There is much about the rise of President-elect Donald Trump that seems unprecedented in American politics and marked with uncertainty. But one aspect of Trump as a public official was foreseen and forewarned against since the very beginnings of our nation -- the problem of his foreign entanglements and financial conflicts of interest.
As our nation's Founders came together to draft our Constitution, they were deeply concerned that the government be designed to prevent against corruption and foreign influence. They considered anti-corruption measures essential to an enduring republican system of government. As George Mason warned his fellow delegates at the Constitutional Convention, "if we do not provide against corruption, our government will soon be at an end." "[N]othing was more to be desired than that every practicable obstacle should be opposed to cabal, intrigue, and corruption," Alexander Hamilton explained in the Federalist Papers.
Indeed, James Madison's notes of the Constitutional Convention record that 15 delegates used the term "corruption" no fewer than 54 times, and seven of the most prominent delegates, including James Madison, accounted for the vast majority of those usages. Corruption was an express topic of concern on almost a quarter of the days that the members convened.
The Founders were particularly anxious about the temptations that could come from holding office and dealing with foreign and domestic governments, and wrote into our nation's charter provisions that attempted to prohibit and prevent such types of potential corruption, and remedy them if they occurred.
Two textual manifestations of this design are in the Constitution's Emoluments Clauses, which, thanks to Trump, have been in the news lately. First is the "foreign gifts" or Foreign Emoluments Clause of Article I, declaring that "no Person holding any Office of Profit or Trust... shall, without the Consent of the Congress, accept of any present, Emolument, Office, or Title, of any kind whatever, from any King, Prince, or foreign State." The other is the "domestic" Emoluments Clause, found in Article II, which forbids the President from receiving, apart from his salary, "any other Emolument from the United States, or any of them." Our Constitution's Framers drafted these clauses because they wanted to exclude any foreign influence or temptation to self-dealing that could compromise the government's independence (or, more precisely, the government's intended dependence on the American people). They did so by prohibiting the President from receiving any compensation, gift, or other form of profit other than the salary being paid him by the American people--whether it was from foreign governments, the United States, or state governments.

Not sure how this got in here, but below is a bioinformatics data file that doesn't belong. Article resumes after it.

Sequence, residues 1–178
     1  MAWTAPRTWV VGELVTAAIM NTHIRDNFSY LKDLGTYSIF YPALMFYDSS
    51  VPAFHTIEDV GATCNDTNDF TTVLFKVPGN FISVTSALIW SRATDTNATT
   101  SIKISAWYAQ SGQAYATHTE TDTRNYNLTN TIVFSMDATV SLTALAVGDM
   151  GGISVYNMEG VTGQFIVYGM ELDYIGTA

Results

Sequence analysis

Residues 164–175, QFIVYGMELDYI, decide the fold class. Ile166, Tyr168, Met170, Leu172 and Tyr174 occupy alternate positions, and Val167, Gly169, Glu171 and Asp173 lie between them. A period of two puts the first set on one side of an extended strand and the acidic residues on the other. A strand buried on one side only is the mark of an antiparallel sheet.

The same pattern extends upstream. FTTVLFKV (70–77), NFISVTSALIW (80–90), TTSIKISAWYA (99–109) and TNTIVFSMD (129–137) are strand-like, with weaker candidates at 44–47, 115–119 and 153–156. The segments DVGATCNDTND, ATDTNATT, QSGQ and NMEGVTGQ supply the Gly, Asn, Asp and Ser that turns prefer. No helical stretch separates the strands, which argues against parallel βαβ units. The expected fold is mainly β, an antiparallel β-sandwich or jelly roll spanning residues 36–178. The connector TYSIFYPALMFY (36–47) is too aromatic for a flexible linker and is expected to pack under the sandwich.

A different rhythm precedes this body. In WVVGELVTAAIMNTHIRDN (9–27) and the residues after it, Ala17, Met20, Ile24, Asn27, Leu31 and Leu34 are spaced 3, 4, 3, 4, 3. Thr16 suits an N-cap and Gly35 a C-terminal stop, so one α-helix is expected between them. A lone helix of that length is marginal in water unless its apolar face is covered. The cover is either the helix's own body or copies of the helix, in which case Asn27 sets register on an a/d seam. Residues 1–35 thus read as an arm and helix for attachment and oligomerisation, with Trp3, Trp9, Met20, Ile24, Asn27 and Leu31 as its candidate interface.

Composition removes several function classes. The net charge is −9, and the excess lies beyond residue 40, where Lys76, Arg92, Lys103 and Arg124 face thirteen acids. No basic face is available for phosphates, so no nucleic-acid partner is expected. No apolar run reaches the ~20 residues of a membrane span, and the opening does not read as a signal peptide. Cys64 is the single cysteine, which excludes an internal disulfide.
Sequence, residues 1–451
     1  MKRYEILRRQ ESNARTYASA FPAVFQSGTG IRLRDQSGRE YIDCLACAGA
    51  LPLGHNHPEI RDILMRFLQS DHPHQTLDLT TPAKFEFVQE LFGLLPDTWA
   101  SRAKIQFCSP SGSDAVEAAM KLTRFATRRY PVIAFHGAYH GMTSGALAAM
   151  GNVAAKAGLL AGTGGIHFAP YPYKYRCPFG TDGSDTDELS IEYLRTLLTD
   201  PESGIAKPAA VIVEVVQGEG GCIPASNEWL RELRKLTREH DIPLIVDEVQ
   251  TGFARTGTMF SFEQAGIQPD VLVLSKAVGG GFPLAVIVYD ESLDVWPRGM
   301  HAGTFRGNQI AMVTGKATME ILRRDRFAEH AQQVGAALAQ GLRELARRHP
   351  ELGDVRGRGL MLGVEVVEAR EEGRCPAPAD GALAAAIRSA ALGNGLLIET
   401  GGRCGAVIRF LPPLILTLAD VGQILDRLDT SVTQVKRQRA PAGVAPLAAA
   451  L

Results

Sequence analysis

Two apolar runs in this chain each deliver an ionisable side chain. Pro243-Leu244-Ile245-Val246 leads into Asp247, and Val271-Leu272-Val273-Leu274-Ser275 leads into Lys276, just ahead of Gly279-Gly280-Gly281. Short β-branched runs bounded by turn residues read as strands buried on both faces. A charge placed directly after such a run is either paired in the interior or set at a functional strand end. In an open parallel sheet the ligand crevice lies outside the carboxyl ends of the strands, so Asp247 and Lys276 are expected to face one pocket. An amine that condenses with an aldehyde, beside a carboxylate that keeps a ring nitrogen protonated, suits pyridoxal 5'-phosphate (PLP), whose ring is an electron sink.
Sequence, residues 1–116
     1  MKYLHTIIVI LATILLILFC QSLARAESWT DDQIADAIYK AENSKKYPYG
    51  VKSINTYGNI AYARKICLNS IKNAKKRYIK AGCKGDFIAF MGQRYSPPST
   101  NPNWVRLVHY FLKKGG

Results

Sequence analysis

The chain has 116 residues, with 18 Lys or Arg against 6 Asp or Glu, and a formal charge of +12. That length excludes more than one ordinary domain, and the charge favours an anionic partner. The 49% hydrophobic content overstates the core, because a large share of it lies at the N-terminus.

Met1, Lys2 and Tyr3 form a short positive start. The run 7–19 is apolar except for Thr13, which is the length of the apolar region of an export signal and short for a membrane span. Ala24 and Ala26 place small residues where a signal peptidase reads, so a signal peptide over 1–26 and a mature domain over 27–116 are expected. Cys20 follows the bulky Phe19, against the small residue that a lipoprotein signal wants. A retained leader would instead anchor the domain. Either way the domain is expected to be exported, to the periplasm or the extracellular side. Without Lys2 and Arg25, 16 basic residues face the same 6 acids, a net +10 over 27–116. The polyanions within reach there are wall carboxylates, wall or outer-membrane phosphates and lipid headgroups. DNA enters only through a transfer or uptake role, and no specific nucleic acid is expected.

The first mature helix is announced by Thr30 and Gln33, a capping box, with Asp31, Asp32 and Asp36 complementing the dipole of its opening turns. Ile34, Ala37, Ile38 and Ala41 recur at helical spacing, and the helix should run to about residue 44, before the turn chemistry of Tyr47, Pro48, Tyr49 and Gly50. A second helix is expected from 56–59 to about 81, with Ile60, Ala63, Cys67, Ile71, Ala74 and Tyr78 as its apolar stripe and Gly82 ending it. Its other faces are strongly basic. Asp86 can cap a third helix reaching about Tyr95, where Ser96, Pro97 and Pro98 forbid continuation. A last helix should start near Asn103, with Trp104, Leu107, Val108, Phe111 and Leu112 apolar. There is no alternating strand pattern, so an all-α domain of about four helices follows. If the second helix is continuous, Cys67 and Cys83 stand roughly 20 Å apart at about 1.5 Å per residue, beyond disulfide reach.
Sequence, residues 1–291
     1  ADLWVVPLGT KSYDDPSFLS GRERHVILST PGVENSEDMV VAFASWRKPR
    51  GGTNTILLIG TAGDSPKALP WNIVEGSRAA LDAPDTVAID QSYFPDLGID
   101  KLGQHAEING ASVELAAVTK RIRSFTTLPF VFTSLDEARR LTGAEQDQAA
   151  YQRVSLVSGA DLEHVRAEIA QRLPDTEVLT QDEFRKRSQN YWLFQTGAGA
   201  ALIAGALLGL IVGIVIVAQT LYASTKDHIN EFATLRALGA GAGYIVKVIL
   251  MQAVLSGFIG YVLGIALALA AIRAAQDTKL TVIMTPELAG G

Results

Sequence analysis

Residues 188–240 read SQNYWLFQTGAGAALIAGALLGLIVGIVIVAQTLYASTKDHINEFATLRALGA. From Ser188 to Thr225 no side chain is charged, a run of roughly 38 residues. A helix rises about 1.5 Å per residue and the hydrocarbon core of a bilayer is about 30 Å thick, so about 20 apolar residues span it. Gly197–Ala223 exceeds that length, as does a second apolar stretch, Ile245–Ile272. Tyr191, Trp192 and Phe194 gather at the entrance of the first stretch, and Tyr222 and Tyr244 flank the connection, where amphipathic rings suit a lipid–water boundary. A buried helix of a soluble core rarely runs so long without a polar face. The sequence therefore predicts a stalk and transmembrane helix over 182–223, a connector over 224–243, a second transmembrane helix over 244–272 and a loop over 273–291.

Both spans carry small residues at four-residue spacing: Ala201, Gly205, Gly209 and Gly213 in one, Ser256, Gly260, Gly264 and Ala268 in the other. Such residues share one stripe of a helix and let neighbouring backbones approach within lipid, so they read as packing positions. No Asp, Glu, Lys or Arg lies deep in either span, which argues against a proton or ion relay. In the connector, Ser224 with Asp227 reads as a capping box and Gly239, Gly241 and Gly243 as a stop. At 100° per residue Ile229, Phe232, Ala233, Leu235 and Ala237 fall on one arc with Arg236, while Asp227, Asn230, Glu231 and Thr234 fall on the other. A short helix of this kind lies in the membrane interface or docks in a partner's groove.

As Edmund Randolph explained during the ratification debates in Virginia, "[i]t was thought proper, in order to exclude corruption and foreign influence, to prohibit any one in office from receiving or holding any emoluments from foreign states."
The president-elect, of course, has a multi-billion-dollar net worth, with business dealings in at least 20 foreign countries, a lucrative stake in the NBC reality TV show "The Apprentice," and a luxury hotel deal involving the federal government that is already raising major red flags. While it is difficult to know the extent of the President-elect's business dealings with foreign and domestic governments because of his refusal to be more transparent, the little we do know implicates both the foreign and domestic Emoluments Clauses.
While the concerns about foreign influence and financial corruption implicated by Trump's business dealings go back to our political beginnings, what is far less certain is what happens now that these potential constitutional problems have been identified.